Summary: Script problem

From: Michael Will (
Date: Wed Mar 24 1999 - 07:13:46 CST

Thanks for all that responded to my question about my script problem.
In short I did get an answer (and there where many). Below are some
of responses that I got that worked. One response was a detailed
probem of why I was getting there error, very helpful...

Names are mentioned below as well, since a few people recommended the
same solution. If I have left anyone out, please it was not

It should be noted that I was told several times to NOT use csh, but
sh or ksh. However, when you are learning, it helps to pick
something that you are familiar with and at a later time migrate over
to another script language. I can't refute any comments made since
I'm not a expert script writer, but when time is short and you need
something quick, one can't always pick the best solution especially
when it comes to writing scripts. Plus I'm learning csh and even if
my script is crude, it can only get better... Hopefully :) Again
thanks for you help.

Here is a helpful site that explains why you should NOT use csh:

Also noted, swatch was brought up as a program to monitor log files.
I haven't used it, but heard it was very useful:


> My problem is that the set command that assigns my variable LOG_LINE
> doesn't like the characters of "[" and I get a error messages : "set:
> No match". I have tried to use sed to replace the "[" with
> something else, but sed fail as well.
> Command that fails:
> set LOG_LINE = `/bin/line` < TEMP_FILE
> Example log: (TEMP_FILE)
> Mar 16 11:11:26 host1 in.telnetd[1892]: connect from mac-john.x.x.x
> Mar 16 11:12:26 host1 in.telnetd[1892]: connect from mac-john.x.x.x
> Mar 16 11:13:26 host1 in.telnetd[1892]: connect from mac-john.x.x.x


Summary.... (Solutions that worked):

- set LOG_LINE = "`/bin/line < TEMP_FILE`"

- sed -e s/"\["//g -e s/"\]"//g (I reported that sed fails, but I
messed up on the various "/[\", but if you get it right it works. )

- There are two things associated with this problem. The first one is the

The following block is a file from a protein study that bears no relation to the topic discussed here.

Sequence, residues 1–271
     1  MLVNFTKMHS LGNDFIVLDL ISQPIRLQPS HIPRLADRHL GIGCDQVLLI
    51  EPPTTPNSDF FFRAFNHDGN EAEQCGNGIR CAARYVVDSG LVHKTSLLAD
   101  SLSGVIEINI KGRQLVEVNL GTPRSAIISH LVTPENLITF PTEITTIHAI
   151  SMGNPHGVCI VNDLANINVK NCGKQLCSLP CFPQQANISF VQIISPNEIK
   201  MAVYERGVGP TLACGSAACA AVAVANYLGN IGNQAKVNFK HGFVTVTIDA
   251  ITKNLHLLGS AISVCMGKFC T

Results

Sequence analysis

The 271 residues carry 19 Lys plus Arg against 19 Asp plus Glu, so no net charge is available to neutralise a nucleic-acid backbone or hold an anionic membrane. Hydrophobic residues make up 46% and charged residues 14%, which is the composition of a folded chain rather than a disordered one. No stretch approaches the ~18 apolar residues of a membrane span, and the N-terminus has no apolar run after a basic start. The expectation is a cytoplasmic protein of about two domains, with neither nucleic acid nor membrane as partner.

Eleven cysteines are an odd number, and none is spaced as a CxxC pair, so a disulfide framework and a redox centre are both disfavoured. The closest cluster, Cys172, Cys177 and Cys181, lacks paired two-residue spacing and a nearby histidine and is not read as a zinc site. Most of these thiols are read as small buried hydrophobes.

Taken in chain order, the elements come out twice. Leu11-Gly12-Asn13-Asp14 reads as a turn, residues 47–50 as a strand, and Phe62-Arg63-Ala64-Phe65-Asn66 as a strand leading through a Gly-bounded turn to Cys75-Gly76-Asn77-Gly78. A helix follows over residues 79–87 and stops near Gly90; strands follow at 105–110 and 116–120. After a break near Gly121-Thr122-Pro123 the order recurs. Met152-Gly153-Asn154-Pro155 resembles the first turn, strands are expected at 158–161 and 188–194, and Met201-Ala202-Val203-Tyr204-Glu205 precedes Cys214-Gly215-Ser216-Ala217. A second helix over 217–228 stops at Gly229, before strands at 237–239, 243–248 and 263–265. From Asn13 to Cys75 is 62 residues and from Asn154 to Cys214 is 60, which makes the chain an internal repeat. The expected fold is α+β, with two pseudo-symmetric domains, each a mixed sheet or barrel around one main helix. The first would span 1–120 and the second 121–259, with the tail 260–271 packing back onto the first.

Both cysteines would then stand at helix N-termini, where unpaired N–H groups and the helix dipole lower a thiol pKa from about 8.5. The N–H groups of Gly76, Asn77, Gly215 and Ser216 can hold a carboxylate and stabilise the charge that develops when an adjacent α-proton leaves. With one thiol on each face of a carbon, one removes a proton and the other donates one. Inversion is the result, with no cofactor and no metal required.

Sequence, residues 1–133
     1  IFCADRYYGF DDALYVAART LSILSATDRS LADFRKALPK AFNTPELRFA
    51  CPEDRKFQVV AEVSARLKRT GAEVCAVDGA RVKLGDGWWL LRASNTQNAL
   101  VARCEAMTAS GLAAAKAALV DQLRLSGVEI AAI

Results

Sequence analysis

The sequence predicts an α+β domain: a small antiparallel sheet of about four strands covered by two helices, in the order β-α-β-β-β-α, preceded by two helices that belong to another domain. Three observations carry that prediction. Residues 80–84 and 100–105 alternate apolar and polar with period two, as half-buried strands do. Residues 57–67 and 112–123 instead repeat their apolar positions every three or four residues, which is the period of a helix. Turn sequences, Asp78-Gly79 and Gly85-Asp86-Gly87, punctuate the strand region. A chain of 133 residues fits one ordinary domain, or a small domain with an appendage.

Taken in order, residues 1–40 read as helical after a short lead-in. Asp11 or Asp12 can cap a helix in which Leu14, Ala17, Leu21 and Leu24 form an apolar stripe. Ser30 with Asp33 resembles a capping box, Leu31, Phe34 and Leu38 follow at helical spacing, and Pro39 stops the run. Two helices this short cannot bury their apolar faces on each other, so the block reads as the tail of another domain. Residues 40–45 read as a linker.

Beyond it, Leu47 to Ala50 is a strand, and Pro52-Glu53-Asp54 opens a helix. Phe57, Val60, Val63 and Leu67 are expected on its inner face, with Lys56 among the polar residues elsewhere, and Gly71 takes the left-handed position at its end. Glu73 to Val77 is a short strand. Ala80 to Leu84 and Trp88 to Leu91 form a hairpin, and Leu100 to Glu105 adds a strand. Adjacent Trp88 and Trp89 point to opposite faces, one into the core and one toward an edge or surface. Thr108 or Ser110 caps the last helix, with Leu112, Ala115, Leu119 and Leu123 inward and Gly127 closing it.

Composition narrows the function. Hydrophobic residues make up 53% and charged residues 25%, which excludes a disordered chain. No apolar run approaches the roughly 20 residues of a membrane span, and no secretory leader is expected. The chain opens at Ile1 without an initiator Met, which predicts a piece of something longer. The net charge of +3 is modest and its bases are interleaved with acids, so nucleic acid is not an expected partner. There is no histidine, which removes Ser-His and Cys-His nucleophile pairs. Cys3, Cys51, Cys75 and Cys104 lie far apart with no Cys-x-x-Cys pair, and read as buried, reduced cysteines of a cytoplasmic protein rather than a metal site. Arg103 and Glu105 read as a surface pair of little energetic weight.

evaluation of the righthand side of the 'set' command. The following will not

        set VAR=something [something else]

The shell interprets 'something' as an array because it sees the brackets. In
order to make something like this work you have to quote the right side:

        set VAR="something [something else]"

Then you also have a problem when you reference to a variable which value looks
like an array variable. Even though, VAR (in our example) contains the value
'something [something else]', an expansion of $VAR will fail with 'no match'.
The C shell thinks that $VAR is an array variable and tries to evaluate it
before it yields the value. This, of course, fails in our case, because
'something' is not an array. The only way to make this work is
quoting. Whenever
you want to expand $VAR you have to wrap it in double quotes:

        echo "$VAR"

Let's correct your script. Your assignment

        set LOG_LINE = `/bin/line` < TEMP_FILE

is correct (the back quotes tell the shell not to evaluate the left hand side
any further). Then, whenever you need $LOG_LINE you have to put it in double
qoutes. Try it - it will work.

A very good source for information about the C shell is the man page. It's a
little dense but very, very rich in information.

(Haven't tried, but might work):

- you can use tr or sed command to strip unwanted chars

- while read LOG_LINE ; do
   <<whatever you want to do with LOG_LINE>>
  done < TEMP_FILE

- tr -d "[='['=]" <outfile>newoutfile; Then run your script against newoutfile

- Using sh/ksh/bash syntax: while read x ; do echo "$x" ; done < foo

- set noglob
  set LOG_LINE = `/bin/line` < TEMP_FILE
  unset noglob

- set LOG_LINE = `/bin/line | sed -e 's/\[/</g' -e 's/]/>/g'` < TEMP_FILE

Script Example that was included:
-------------------------------------- (cut here) ---------------------
# Read input that looks like this:
# Mar 16 11:11:26 host1 in.telnetd[1892]: connect from mac-tom.x.x.x
# Mar 16 11:12:26 host1 in.telnetd[1892]: connect from mac-dick.x.x.x
# Mar 16 11:13:26 host1 in.telnetd[1892]: connect from mac-harry.x.x.x
# Mar 16 11:13:27 host1 in.telnetd[1892]: connect from mac-harry.x.x.x
# Mar 16 11:13:28 host1 in.telnetd[1892]: connect from mac-harry.x.x.x
# Write a short report that looks like this:
# # Logins Userid
# -------- ------
# 1 mac-dick.x.x.x
# 1 mac-tom.x.x.x
# 3 mac-harry.x.x.x

export PATH


grep telnetd $logfile | # read telnet sessions ...
        sed -e 's/.*connect from //' | # ... save only userid
        sort | # ... sort by userid
        uniq -c | # ... count unique lines
        sort -n | # ... sort by count
        awk 'BEGIN {
                printf "# Logins\tUserid\n";
                printf "--------\t------\n";
                printf "%8d\t%s\n", $1, $2
        }' # ... and format nicely.

exit 0
-------------------------------------- (cut here) ---------------------

Thanks to:
Hahn Kyu Chung <>,, Damir
Delija <>,,,,, Craig Raskin <>,
Michael Hocke <>,,,,,

                              |   Voice: (202) 404-3740 or
Michael Will                  |   Voice: (202) 767-9196 Ext. 226
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